DUBAI — There’s been no dearth of action across the TBWA network since Troy Ruhanen took over as global president and CEO in the middle of 2014. He was among those who visited Dubai recently for a global meeting of senior network executives, which coincided with TBWA\Raad’s 15th anniversary.
Gokul Krishnamurthy caught up with Ruhanen to understand his plans for the network, which has been making headlines for reasons good and bad in the last year. Stay tuned for news of more creative hires and a global head of planning, Ruhanen says.
You assigned Rob Schwartz, a former global creative president, as CEO of the New York office this January. Besides which, across the network, across markets, there’s been a lot of change, a lot of people moving ...
That’s intentional. I’m less into managing and more into sort of leading our clients. I found that a lot of us have got back into a reactive mode.
I put Rob in that charge not because he’s a creative but because he’s a fantastic problem solver and he’s a great product person. Because of his global experience, he can sit across from any major client and really help solve their problems. That’s what clients are paying us for; they are not paying us just for our operational expertise or whatever else.
They’ve got something to sell. They need us to help them think it through and go execute it better than anybody else.
You will see a couple of announcements from us in the next few weeks on a couple of major markets. And the intent is exactly the same there as well. We’ll have a couple of other very big hires on the creative front, which we’re really excited about. Hires not as creative people, but as leaders of the agency.
That’s not going to happen everywhere, because it’s horses for courses to some degree. But it sends a signal about who we are as a network.
Keeping with the New York announcement, there was a headline, which pondered whether it was a promotion or demotion. …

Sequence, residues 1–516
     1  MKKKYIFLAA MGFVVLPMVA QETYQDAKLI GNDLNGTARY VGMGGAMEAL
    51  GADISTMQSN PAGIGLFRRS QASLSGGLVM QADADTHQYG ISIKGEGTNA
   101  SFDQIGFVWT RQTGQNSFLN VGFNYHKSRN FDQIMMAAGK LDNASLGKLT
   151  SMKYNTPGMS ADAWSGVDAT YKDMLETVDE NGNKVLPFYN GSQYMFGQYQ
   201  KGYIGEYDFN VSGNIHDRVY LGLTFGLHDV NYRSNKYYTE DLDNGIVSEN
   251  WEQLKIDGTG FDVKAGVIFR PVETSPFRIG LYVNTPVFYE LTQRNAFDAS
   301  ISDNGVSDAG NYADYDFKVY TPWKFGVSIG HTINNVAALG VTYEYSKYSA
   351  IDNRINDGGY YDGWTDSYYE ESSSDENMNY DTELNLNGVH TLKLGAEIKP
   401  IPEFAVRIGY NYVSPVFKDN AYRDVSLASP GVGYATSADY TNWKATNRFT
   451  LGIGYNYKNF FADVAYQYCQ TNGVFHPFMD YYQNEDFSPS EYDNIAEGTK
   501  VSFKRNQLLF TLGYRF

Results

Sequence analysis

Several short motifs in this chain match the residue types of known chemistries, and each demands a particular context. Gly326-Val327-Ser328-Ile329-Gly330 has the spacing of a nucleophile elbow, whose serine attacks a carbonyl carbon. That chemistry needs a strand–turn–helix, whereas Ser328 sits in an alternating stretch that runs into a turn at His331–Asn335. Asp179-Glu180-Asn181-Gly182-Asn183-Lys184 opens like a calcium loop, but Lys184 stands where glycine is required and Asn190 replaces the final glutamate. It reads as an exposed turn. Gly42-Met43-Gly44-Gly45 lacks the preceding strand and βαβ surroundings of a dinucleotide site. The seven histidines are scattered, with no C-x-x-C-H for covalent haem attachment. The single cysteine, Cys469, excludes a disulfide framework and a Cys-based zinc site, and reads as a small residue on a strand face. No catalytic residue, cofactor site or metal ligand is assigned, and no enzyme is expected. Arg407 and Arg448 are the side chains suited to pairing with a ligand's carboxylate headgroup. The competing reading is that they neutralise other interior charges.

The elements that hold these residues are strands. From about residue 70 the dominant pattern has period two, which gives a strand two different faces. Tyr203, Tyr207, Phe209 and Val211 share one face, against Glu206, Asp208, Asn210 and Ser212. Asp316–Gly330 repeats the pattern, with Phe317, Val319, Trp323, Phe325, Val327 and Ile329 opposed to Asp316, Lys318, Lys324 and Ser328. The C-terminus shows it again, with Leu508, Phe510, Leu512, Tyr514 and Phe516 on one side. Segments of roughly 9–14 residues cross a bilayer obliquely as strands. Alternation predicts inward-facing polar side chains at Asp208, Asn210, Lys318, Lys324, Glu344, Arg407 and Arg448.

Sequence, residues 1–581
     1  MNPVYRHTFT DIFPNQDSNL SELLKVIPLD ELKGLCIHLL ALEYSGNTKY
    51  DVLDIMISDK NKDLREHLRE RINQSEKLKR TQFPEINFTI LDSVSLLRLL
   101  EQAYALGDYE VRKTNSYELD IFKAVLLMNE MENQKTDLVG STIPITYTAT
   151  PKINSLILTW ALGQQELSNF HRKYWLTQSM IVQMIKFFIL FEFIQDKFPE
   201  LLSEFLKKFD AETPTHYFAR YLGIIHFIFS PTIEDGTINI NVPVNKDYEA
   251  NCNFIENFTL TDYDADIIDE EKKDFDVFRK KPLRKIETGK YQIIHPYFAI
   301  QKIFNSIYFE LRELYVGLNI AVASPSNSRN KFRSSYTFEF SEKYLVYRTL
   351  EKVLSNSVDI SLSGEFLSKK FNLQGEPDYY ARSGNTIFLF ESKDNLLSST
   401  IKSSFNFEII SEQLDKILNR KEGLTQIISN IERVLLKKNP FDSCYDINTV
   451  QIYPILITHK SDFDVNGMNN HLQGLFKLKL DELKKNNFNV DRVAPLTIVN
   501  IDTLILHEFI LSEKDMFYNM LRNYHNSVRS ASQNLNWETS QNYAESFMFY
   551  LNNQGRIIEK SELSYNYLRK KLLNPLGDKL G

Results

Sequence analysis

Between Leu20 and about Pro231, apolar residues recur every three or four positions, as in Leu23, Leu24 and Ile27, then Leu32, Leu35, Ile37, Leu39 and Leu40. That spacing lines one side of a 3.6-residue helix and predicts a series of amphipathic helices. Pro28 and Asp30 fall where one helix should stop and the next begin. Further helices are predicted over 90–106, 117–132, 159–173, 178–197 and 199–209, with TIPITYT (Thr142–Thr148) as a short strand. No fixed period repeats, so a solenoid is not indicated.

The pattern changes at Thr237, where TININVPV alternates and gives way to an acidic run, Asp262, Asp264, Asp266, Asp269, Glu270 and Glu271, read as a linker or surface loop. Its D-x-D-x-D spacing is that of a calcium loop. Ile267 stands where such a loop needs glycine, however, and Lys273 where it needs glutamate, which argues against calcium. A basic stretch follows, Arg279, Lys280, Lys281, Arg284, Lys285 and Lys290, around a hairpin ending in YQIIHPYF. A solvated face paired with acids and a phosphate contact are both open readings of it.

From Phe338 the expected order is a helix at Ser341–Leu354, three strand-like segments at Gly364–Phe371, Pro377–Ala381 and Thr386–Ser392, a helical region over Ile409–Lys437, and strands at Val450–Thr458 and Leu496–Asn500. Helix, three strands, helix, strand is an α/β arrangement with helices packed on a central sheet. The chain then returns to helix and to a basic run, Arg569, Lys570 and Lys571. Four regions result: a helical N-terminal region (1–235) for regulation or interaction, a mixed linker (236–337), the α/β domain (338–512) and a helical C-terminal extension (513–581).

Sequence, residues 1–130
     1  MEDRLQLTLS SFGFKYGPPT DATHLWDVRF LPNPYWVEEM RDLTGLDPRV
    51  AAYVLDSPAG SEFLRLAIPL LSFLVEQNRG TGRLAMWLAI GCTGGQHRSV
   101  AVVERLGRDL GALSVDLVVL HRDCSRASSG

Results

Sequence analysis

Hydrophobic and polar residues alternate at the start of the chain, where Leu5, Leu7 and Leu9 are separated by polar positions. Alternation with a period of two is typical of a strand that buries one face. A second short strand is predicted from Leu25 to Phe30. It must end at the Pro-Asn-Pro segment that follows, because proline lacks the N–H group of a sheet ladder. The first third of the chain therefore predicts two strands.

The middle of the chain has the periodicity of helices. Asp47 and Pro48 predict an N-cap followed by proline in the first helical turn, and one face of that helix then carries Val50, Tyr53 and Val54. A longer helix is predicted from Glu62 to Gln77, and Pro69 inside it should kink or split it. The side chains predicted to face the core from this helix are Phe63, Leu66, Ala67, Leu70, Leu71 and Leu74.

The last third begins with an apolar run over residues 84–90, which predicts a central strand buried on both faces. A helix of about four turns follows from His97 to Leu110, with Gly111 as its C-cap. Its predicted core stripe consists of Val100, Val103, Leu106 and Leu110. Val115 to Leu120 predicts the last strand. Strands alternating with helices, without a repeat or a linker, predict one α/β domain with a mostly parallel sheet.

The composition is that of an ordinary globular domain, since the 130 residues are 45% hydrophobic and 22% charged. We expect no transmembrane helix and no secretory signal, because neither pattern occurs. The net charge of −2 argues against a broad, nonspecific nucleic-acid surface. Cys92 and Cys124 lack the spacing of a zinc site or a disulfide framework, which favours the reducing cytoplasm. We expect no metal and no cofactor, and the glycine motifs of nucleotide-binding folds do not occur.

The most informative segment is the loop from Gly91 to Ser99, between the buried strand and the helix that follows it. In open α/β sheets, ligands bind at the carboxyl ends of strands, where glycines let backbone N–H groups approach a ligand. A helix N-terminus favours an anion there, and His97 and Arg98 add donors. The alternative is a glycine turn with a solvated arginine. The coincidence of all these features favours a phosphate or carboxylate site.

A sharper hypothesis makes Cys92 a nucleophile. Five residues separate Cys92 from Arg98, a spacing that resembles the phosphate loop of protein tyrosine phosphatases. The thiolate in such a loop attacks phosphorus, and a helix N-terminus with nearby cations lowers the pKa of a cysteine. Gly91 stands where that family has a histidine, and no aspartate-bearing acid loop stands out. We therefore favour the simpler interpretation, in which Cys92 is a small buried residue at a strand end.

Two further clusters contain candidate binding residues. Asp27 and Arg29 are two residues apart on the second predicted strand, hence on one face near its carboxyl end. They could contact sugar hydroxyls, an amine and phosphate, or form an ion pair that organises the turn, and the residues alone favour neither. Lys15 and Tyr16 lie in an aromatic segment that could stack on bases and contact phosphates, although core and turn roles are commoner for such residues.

Rob and I saw it only one way. We want to make New York our global headquarters. It has somewhat been living in the shadow of Chiat\Day in LA. We are a very powerful and prolific agency in France. Somewhere over the decades, New York has lived in the shadows between those two. LA and Paris will still run global businesses and will still be among our greatest agencies. But we want to make New York our global headquarters.
If I’m Rob, I’m going to see that as a promotion because I’m going to run global headquarters.
We’ve seen leadership changes in several other markets, including China and India. Can you give us an umbrella view of what’s happening and where you’re headed as a network?
Driving efficiencies, clients have really consolidated it down to some global hubs. There are 10 or 11 major hubs that most of them want to operate in. For a global client, we’ve got to have high performing agencies in those markets.
Then you look at the other offices in the network: what is their role in the equation, and more importantly, what value I bring to them. We have to look at those markets and add innovation, reputation and a level of entrepreneurialism because they are self-dependent.
I used to work in an agency in Australia – which was not part of Omnicom. My multinational revenue was 13%, and my management fee was 11%. What are you really getting out of that in the end?
To me, it’s about driving great value to these offices, so that they can be great entrepreneurs, they can approach new business and they can drive innovation and product.
So there are the global hubs and the entrepreneurial offices. And everyone is supposed to add to the reputation of our clients and to ourselves.
One of the stated mandates is to rope in more global clients. You have Nissan and Apple …